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US Senators announce new social media legislation

A bipartisan group of US senators has introduced the Platform Accountability and Transparency Act, new legislation which would require social media groups to offer independent researchers access to their data.

US Senators announce new social media legislation
Photograph: Ian Hutchinson on Unsplash.

The draft legislation was initiated by Democrat senators Chris Coons of Delaware and Amy Klobuchar of Minnesota, and Republican senator Rob Portman of Ohio. The new legislation would compel social media groups to share their data with “qualified researchers” affiliated with a university and pursuing a project endorsed by the National Science Foundation (NSF).

Laura Edelson, a PhD candidate in Computer Science at NYU’s Tandon School of Engineering, told The Verge that the legislation “is a truly comprehensive platform transparency proposal.” She added that if passed “this legislation would provide a real pathway for researchers to better understand online harms and start coming up with solutions.”

This draft legislation comes at a time when social media giants are coming under close scrutiny in the wake of testimony from Facebook whistleblower Frances Haugen. Much of this scrutiny relates to the harm that Facebook products could inflict on young people.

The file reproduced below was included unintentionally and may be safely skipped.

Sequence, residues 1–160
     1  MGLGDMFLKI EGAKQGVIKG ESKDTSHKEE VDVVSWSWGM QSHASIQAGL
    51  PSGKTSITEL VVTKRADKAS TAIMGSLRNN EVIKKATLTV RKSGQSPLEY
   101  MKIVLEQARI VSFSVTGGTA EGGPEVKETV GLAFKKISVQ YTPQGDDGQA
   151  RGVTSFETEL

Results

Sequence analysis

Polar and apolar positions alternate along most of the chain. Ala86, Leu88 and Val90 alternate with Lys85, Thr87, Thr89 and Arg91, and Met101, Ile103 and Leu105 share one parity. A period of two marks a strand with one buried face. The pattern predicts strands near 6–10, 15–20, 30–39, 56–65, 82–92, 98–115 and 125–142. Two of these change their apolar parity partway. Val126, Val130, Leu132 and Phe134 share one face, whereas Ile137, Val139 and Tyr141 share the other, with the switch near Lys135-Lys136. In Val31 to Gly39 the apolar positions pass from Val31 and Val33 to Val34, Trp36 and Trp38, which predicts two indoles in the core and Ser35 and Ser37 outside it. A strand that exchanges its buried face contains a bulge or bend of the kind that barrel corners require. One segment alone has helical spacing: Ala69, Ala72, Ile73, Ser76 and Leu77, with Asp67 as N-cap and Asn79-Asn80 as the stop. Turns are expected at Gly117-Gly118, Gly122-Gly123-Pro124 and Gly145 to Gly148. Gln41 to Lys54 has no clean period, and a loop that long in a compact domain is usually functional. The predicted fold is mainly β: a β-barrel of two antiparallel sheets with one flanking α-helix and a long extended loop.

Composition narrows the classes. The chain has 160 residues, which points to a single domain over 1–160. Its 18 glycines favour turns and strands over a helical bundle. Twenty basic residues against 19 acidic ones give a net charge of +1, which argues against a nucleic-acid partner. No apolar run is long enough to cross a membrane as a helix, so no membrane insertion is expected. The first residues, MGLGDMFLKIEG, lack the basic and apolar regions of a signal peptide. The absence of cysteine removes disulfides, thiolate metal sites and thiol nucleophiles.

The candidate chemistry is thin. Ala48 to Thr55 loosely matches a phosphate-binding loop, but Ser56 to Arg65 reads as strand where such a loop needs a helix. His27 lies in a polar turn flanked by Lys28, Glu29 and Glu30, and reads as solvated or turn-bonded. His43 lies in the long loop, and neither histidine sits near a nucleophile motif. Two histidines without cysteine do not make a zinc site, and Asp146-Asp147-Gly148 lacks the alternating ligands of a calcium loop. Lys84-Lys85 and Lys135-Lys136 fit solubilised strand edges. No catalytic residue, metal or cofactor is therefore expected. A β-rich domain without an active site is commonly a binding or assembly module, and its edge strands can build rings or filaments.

Last week Mosseri faced the Senate’s consumer protection subcommittee, who asked him probing questions about the measures the platform has in place to protect the mental health of its younger users.

“Parents are asking, what is Congress doing to protect our kids and the resounding bipartisan message from this committee is that legislation is coming,” said Senator Richard Blumenthal (A Democrat representing Connecticut and chair of the committee), adding, “We can’t rely on self-policing.”

“Some of the big tech companies have said ‘Trust us’. That seems to be what Instagram is saying in your testimony but self-policing depends on trust. The trust is gone.”

Senator Marsha Blackburn, a Republican representing Tennessee, echoed the remarks and admitted frustration.

“This is now the 4th time in the past 2 years that we have spoken with someone from Meta,” she said. “The conversation continues to repeat itself ad nauseum.

“Tennesseans want Big Tech to be more transparent and to accept responsibility for your actions. And time and time again, you say things that make it sound like you are hearing us and agree - but then nothing changes,” Blackburn said.

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